Raising investment capital is a must in order to launch new enterprises, or facilitate growth in existing businesses, within the telecommunications and broadcasting field. This can pose a challenge especially for small, minority and/or female owned businesses. The FCC is seeking to address this tomorrow in an event hosted by the their Office of Communications Business Opportunities (“OCBO”). Two panels, including government representatives and private sector finance experts, will present capitalization strategies and provide productive feedback on participant’s individual business plans.
The event is free of charge and will also be livestreamed at http://reboot.fcc.gov/live
Friday, November 12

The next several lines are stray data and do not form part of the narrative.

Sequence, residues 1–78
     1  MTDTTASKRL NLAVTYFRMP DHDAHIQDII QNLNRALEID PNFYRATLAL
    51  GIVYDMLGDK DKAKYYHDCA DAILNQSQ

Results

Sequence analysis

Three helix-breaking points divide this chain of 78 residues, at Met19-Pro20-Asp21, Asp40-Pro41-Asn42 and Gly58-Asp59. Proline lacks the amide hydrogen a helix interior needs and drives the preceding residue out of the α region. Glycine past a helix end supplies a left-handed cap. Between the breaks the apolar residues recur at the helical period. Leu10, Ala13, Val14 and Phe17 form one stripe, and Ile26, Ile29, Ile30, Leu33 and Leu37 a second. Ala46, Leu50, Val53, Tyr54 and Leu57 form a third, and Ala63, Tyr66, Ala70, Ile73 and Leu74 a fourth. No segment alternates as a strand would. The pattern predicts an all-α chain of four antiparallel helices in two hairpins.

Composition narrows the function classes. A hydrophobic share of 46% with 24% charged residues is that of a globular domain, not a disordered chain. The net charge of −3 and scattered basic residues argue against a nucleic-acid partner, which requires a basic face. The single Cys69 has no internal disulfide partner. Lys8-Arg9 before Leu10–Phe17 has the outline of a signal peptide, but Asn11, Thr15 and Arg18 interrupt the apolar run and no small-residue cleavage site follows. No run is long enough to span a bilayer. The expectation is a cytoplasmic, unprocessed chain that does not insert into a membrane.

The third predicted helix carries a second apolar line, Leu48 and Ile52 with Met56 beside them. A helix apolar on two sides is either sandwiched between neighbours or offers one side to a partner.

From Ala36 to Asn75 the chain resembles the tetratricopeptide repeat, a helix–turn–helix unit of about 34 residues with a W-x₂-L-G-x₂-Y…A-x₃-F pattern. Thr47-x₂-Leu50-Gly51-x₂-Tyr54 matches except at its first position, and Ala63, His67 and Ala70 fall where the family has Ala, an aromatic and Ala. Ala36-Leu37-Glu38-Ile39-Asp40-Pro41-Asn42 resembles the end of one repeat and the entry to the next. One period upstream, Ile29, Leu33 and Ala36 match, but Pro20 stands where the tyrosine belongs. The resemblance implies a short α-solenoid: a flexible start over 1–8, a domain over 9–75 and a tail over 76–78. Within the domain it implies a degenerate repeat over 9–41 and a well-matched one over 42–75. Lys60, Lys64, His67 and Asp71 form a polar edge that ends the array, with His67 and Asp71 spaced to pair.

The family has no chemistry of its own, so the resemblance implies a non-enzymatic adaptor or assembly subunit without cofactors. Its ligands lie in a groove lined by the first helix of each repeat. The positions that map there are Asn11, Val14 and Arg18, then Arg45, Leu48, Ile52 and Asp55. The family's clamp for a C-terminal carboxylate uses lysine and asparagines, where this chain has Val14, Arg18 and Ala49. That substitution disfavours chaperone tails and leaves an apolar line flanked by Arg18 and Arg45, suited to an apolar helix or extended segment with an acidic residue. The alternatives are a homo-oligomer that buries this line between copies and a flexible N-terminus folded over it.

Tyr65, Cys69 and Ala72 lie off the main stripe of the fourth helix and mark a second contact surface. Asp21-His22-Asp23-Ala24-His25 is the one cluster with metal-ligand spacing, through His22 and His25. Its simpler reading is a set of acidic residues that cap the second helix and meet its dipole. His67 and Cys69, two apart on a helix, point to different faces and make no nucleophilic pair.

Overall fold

9:00 a.m. - 5:00 p.m.
FCC Headquarters, Commission Meeting Room
445 12th Street, SW
Washington, DC 20554
Although the American economy is suffering and facing a slow climb to recovery, broadband is one sector of the economy that challenges our modern state of affairs. Broadband actually comprises a significant and vital component of our current economy, holds the key to our economic recovery, and offers a solution to growing employment. Here’s how:
1. The broadband industry invests roughly $70 billion annually, which creates jobs not only in the building and maintenance of infrastructure, but also indirectly through Internet jobs like online advertising, entertainment, social networking, e-commerce, and more.
2. The converging broadband sectors of telecom, media and IT lead U.S. GDP growth, adding nearly $900 billion annually and expanding at a rate that is two to five times faster than the overall U.S. economy